The Continuum Architecture: Towards Enabling Chaotic Ubiquitous Computing
Interactions in the style of the ubiquitous computing paradigm are possible today, but only in handcrafted environments within one administrative and technological realm. This thesis describes an architecture (called Continuum), a design that realises the architecture, and a proof-of-concept implementation that brings ubiquitous computing to chaotic environments. Essentially, Continuum enables an ecology at the edge of the network, between users, competing service providers from overlapping administrative domains, competing internet service providers, content providers, and software developers that want to add value to the user experience. Continuum makes the ubiquitous computing functionality orthogonal to other application logic. Existing web applications are augmented for ubiquitous computing with functionality that is dynamically compiled and injected by a middleware proxy into the web pages requested by a web browser at the user?s mobile device. This enables adaptability to environment variability, manageability without user involvement, and expansibility without changes to the mobile. The middleware manipulates self-contained software units with precise functionality (called frames), which help the user interact with contextual services in conjunction with the data to which they are attached. The middleware and frame design explicitly incorporates the possibility of discrepancies between the assumptions of ubiquitous-computing software developers and field realities: multiple administrative domains, unavailable service, unavailable software, and missing contextual information. A framework for discovery and authorisation addresses the chaos inherent to the paradigm through the notion of role assertions acquired dynamically by the user. Each assertion represents service access credentials and contains bootstrapping points for service discovery on behalf of the holding user. A proof-of-concept prototype validates the design, and implements several frames that demonstrate general functionality, including driving discovery queries over multiple service discovery protocols and making equivalences between service types, across discovery protocols.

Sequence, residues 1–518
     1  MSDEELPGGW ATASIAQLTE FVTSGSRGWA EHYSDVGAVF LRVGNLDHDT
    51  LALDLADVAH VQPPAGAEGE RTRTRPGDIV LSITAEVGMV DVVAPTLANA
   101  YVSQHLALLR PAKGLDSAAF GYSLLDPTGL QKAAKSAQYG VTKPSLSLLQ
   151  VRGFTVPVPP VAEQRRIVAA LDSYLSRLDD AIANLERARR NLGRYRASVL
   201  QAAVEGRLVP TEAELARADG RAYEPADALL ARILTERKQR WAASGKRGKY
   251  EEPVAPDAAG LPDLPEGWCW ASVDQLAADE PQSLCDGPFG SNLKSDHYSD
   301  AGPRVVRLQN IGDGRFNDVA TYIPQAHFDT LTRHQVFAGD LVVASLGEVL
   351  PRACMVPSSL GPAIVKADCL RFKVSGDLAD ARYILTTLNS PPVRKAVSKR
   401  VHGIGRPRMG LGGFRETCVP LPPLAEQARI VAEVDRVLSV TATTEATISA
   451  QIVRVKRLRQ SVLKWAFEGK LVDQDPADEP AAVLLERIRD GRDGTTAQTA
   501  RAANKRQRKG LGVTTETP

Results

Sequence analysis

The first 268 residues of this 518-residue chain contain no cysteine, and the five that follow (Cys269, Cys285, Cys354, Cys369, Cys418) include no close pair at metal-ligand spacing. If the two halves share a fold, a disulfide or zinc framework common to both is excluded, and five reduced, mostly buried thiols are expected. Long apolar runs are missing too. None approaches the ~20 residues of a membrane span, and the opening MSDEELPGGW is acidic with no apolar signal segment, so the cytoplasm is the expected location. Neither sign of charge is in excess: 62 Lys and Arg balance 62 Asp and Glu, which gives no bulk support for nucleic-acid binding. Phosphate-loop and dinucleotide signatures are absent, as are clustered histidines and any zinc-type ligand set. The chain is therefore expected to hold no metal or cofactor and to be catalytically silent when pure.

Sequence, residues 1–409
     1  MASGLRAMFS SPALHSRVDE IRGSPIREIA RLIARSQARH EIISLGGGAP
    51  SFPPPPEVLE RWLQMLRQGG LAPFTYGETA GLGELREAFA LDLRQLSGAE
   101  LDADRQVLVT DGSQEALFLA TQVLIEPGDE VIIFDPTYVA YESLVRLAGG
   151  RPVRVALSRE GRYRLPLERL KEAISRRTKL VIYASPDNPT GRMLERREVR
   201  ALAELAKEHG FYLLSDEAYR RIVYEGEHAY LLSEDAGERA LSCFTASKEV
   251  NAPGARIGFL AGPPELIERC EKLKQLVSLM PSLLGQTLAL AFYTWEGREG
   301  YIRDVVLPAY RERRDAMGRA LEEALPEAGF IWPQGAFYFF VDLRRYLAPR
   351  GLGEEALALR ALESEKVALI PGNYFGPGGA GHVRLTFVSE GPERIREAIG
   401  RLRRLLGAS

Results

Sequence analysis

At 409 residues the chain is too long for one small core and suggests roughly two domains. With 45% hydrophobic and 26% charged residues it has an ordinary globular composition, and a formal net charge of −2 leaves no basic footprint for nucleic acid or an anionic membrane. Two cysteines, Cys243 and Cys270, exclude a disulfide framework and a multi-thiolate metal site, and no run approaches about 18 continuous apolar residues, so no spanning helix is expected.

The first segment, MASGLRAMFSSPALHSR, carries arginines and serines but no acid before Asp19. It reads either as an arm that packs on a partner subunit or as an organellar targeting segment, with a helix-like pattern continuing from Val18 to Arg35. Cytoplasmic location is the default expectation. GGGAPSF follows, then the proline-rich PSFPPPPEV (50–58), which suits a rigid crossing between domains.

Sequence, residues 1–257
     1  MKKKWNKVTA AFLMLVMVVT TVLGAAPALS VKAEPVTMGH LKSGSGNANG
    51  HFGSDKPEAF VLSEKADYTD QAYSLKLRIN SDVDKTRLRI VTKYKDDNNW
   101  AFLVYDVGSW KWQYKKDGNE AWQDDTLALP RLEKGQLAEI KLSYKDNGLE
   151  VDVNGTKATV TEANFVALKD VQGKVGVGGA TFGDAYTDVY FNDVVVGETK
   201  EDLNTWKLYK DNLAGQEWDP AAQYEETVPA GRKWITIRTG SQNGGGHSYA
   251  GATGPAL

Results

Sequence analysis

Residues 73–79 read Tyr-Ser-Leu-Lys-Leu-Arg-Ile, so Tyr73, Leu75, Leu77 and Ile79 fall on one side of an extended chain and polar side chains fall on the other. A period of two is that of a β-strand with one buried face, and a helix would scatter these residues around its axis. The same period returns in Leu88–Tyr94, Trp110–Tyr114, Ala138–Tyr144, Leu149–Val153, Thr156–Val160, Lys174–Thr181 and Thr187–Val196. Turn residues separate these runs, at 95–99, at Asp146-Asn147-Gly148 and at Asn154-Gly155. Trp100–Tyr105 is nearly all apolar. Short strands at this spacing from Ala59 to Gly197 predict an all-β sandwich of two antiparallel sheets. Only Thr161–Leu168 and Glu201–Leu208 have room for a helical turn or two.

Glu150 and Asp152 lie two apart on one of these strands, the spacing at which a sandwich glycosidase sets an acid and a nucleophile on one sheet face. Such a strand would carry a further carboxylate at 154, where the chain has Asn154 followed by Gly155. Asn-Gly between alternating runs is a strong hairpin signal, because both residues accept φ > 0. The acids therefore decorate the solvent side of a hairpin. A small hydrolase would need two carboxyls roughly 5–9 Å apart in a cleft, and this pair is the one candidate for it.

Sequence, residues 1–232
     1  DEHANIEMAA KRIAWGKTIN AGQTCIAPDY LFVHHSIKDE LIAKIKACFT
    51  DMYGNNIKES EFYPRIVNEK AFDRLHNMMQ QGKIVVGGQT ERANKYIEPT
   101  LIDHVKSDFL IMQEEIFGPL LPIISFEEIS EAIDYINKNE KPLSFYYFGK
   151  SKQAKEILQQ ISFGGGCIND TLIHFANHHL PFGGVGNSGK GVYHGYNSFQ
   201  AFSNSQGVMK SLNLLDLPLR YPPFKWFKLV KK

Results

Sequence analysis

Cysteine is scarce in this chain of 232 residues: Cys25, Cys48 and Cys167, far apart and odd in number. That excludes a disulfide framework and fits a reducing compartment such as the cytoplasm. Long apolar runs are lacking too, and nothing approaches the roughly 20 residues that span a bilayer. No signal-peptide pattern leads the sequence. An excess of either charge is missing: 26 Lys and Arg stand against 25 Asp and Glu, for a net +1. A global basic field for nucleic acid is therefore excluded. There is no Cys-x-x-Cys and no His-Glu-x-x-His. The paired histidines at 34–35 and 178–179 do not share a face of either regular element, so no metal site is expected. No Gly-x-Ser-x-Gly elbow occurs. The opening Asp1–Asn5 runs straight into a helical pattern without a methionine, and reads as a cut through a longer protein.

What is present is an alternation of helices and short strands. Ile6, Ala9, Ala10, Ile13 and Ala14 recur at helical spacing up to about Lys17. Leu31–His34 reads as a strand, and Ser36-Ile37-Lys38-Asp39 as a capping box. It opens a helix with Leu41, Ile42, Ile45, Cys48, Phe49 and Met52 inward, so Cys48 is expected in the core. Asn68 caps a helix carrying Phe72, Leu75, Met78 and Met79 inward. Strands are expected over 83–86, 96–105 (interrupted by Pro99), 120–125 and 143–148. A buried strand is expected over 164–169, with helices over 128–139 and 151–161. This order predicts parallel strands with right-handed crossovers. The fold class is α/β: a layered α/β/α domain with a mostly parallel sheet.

School:University of Waterloo
School Location:Canada - Ontario
Source Type:Master's Thesis
Keywords:computer science ubiquitous computing pervasive middleware software abstractions mobile role based access
Date of Publication:01/01/2005